Submitted by Deacon Carolyn Houser
Healthy eating is about feeling great, having more energy, improving your health, and stabilizing your mood. How can healthy eating improve our mood? We all know that eating right can help you maintain a healthy weight and avoid certain health problems. Eating carbohydrates also has an effect on your mood and sense of wellbeing. Studies have linked eating a typical Western diet filled with processed meats, packaged meals, takeout food, and sugary snacks come with a higher rate of depression, stress, bipolar, and anxiety eating and unhealthy food may play a role in development of mental health disorder such as Alzheimer’s disease and Schizophrenia.
Eating healthy food doesn’t have to be complicated. The cornerstone of a healthy eating pattern should be to replace processed food with real food whenever possible. When you build your healthy eating pattern, you need a balance of protein, fat, carbohydrates, fiber, vitamins, and mineral to sustain a healthy body.
Protein is a vital nutrient required for building, maintaining, and repairing tissues, cell, and organs throughout the body. When we eat protein, it is broken down into the 20 amino acids that are the body’s basic building blocks for growth and energy. Protein gives us the energy to get up, go, and keep going. It also supports mood and cognitive function. Too much protein can be harmful to people with kidney disease. Some people need more protein as they age.
Fat is a type of nutrient, and just like protein and carbohydrates, your body needs some fat for energy, to absorb vitamins, and to protect your heart and brain health. Not all fat is the same. Bad fats can increase your risk of certain diseases; good fats protect your brain and heart.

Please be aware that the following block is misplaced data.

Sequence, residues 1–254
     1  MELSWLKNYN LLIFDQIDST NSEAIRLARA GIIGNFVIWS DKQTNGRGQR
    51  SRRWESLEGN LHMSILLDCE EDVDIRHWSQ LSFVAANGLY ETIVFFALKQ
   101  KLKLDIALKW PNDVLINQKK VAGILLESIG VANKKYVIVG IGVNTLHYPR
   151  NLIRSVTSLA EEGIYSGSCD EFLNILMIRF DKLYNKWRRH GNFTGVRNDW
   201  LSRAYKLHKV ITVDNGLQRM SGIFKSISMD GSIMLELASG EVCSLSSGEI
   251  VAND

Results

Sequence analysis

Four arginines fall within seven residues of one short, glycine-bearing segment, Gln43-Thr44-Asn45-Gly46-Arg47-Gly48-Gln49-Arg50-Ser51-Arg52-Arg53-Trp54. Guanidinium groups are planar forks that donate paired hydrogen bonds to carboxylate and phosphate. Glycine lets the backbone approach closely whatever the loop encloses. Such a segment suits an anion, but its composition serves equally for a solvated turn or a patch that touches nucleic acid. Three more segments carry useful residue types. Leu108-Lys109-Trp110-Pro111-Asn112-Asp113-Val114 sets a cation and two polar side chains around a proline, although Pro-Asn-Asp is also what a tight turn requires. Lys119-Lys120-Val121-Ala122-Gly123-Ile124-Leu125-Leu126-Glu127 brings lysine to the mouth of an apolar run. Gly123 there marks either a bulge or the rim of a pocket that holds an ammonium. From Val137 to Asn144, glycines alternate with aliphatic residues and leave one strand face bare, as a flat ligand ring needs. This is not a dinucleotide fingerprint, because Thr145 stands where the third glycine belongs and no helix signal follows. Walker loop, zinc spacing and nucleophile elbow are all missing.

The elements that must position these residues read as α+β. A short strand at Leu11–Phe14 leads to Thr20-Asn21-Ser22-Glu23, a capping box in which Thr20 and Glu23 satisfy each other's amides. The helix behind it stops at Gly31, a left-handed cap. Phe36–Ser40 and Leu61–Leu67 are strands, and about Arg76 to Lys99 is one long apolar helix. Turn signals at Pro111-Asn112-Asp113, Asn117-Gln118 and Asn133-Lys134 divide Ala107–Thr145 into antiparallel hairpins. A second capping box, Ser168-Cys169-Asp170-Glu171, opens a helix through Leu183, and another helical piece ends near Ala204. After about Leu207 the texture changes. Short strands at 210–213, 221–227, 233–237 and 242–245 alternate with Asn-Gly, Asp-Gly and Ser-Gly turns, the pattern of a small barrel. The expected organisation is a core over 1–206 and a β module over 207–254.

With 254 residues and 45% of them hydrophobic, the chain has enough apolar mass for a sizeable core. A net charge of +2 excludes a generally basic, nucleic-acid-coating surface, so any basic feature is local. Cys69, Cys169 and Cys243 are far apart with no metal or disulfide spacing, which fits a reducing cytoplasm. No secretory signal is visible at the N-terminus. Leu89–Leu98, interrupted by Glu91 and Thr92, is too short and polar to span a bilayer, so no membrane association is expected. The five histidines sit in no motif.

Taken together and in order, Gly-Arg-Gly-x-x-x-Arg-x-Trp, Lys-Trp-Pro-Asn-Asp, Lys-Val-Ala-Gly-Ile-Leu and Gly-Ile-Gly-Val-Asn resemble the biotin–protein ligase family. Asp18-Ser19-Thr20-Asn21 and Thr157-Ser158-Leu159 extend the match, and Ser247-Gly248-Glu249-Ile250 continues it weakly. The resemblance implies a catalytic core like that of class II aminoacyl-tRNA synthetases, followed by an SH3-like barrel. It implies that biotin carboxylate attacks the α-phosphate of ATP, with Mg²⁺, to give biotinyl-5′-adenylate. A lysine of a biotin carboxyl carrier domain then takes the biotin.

Carbohydrates are one of your body’s main sources of energy. Most carbohydrates should come from complex, unrefined carbs (vegetable, whole grains, and fruit) rather than sugars and refined carbs that has been stripped of all bran, fiber, and nutrients. Cutting back on white bread, pastries, starches, and sugar can prevent rapid spikes in blood sugar.
Fiber, also known as roughage, is the part of plant-based foods (grains, fruits, vegetables, nuts, and beans) that the body can’t break down. It passes through the body undigested, keeping your digestive system clean and healthy, easing bowel movements, and flushing cholesterol and harmful carcinogens out the body. Fiber comes in two varieties: insoluble and soluble. Eating foods high in dietary fiber (grain, fruit, vegetables, nut, and beans) can help you stay regular and lower your risk for heart disease, stroke, and diabetes. It can also improve your skin and help you lose weight.
Calcium is a key nutrient that many of us overlook in our eating. Almost every cell in the body uses calcium in some way, including the nervous system, muscles, and heart. It is an essential building block for lifelong bone health in both men and women, while not getting enough calcium in your diet can contribute to anxiety, depression, and sleep difficulties. Your body uses calcium to build healthy bones and teeth, keeping them strong as you age. Calcium sends message through the nervous system and regulates the heart’s rhythm. Not getting enough calcium in your eating can also contribute to anxiety, depression, and sleep difficulties regardless of your age or gender.
In order to do what God has called us to do in this world we must take care of our bodies. Our bodies are the temple of the Holy Spirit (1 Cor. 6:19-20) 19- What? Know ye not that your body is the temple of the Holy Ghost which is in you, which ye have of God, and ye are not your own. 20- For ye are brought with a price therefore glorify God in your body, and in your spirit which are God’s.